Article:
Peddling GHGs

My colleague Bill Rees likes to say that fossil fuels are a powerful hallucinogenic drug. We are all addicted to cheap and abundant fossil fuels, and so have reshaped our economy and society in fundamentally unsustainable ways.

In a recent post, I highlighted some research that breaks out of the box of counting emissions only where they occur (the standard National Inventory approach) and thinking about trade impacts. There are many embodied GHGs in the goods and services we consume that are counted in the tallies of another jurisdiction, and the Davis and Caldeira study is an example of sorting out emissions based on who is doing the consuming. Davis and Caldeira find that Canada is a net exporter of GHGs. As an “energy superpower” this makes us different from the US and Europe, who a major net importers of GHGs (with the argument that they have “outsourced” a large chunk of the emissions associated with their consumption).

This got me thinking about how much GHG emissions are embodied in our exports that are consumed elsewhere (a lifecycle analysis from the producer perspective). For a province like BC, with its spanky, clean, green image, there is already a contradiction between stated climate action objectives and the historical (and ongoing) industrial policy of resource extraction. Most of the GHGs associated with fossil fuels are not from the extraction and processing stage, which is large enough, but their downstream combustion.

When it comes to law and order, we have learned not to crack down on the users of drugs, but focus our efforts on the dealers. So what if it turns out that beautiful BC is running the resource economics equivalent of a meth lab?

As a baseline, consider that BC’s official greenhouse gas emissions totaled just over 63 million tonnes of carbon dioxide equivalent (63.1 Mt CO2e, to be geeky about it) in 2007, the last year for which we have data. Emissions from extraction and processing of fossil fuels were almost 13 Mt of this total. I was able to get export volume data from Statscan for both coal and natural gas, and then multiplied these volumes by emission factors from BC’s GHG inventory report to estimate downstream emissions (data for natural gas go back to 1980, whereas a break in the coal dataset meant that I only got 2008 and 2009 data).

For natural gas combusted in the US, BC was the source for 52.7 Mt CO2e in 2008. Interestingly, that is down from an all-time high of 73.8 Mt in 1998, though I suspect that interprovincial exports to Alberta may make up some or all of the difference. Coal exports led to another 52 Mt of emissions elsewhere in 2008. So bottom line for BC fossil fuels is 105 Mt CO2e in 2008; exports of these two commodities alone led to emissions elsewhere that are 166% larger than BC’s overall emissions within our borders, and about eight times the BC emissions associated with getting those fossil fuels to market.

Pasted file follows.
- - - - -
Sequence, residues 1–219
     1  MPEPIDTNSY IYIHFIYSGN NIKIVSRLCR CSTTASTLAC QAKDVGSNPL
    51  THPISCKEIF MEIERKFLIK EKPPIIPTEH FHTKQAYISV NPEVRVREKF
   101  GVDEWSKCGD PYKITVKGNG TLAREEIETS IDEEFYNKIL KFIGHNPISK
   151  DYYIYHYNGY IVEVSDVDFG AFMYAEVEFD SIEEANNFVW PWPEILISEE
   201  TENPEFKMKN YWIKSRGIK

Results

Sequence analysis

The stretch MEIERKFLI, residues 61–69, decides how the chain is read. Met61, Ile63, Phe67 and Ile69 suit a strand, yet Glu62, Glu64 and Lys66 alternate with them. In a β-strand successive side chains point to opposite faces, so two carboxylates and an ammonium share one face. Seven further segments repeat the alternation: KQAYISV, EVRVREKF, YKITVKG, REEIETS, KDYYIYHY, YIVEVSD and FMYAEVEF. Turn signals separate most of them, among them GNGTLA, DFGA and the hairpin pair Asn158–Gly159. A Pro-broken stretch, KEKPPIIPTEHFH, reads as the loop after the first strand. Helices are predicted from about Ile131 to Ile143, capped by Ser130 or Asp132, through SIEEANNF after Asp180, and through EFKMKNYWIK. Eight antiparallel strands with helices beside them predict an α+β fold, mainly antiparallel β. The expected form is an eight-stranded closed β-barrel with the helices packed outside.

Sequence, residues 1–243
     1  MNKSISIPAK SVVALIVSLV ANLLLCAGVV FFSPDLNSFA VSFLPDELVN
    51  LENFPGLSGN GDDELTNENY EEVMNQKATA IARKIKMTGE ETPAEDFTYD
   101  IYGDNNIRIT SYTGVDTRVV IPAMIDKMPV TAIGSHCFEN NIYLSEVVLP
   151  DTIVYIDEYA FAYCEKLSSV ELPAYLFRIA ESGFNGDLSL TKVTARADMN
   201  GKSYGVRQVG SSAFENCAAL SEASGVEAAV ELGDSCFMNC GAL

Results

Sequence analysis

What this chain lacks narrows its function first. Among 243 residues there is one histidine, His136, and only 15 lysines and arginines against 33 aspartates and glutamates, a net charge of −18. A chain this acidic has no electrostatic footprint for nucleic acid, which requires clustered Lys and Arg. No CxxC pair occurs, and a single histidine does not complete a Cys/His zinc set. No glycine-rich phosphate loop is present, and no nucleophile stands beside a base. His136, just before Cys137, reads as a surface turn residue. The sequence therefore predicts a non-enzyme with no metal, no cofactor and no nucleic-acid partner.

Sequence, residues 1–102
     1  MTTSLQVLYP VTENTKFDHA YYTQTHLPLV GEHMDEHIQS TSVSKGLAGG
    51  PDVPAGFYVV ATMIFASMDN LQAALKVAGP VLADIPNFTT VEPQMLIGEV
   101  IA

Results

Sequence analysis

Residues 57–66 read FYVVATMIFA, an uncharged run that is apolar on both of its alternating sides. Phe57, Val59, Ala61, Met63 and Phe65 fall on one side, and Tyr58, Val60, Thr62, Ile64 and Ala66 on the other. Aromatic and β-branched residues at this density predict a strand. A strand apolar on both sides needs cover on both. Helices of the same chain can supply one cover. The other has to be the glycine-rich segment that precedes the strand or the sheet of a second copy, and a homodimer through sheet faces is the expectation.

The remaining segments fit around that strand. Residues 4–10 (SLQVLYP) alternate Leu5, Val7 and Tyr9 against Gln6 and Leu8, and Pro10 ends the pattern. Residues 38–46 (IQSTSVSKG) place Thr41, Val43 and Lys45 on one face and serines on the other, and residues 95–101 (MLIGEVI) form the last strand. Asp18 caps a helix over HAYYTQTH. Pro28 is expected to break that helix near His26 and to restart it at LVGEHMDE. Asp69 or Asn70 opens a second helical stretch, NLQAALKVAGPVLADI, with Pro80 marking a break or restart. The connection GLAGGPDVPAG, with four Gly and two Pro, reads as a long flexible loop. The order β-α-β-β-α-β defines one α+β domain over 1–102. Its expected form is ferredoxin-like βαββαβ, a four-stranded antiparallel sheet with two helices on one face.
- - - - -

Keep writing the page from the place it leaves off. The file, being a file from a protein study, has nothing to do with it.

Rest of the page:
So what’s an ethically minded crack dealer to do? The standard industrial growth model digging it out and shipping it to the US or Asia needs to broken. For starters, the government should reverse its recent approval of a natural gas processing plant in the Northeast that will add more than 2 Mt to BC’s domestic inventory, and 16-18 Mt of downstream emissions.

The good news is that these resources are not going anywhere, and will only be worth more as time goes on. So there is no reason why we should not dramatically slow down coal mining and oil and gas extraction – until some point when we can sequester the emissions from their combustion. This technology (aka carbon capture and storage) is already out there and is poised to become widespread over the next couple decades. Until then, however, we should think the unthinkable and consider leaving those resources in the ground.

2 comments

  • “When it comes to law and order, we have learned not to crack down on the users of drugs, but focus our efforts on the dealers.”

    We have?

    My understanding was that 100 years of the futile war on drugs had proven that the only effective approach was to target demand (i.e. reduce it) rather than supply.

    The only drug I can think of where consumption has fallen steadily over time is tobacco and all the progress has been made on the demand side.

  • I wonder what an would happen if Canada’s exchange rate kept increasing. We would export less, would that not keep those resources in the ground without spending tax dollars to enforce or a minute to legislate. Ironicly weak currencies leads to the selling of more resources that otherwise would have been left in the ground. So we turn to using intervention which can be costly & ineffective.

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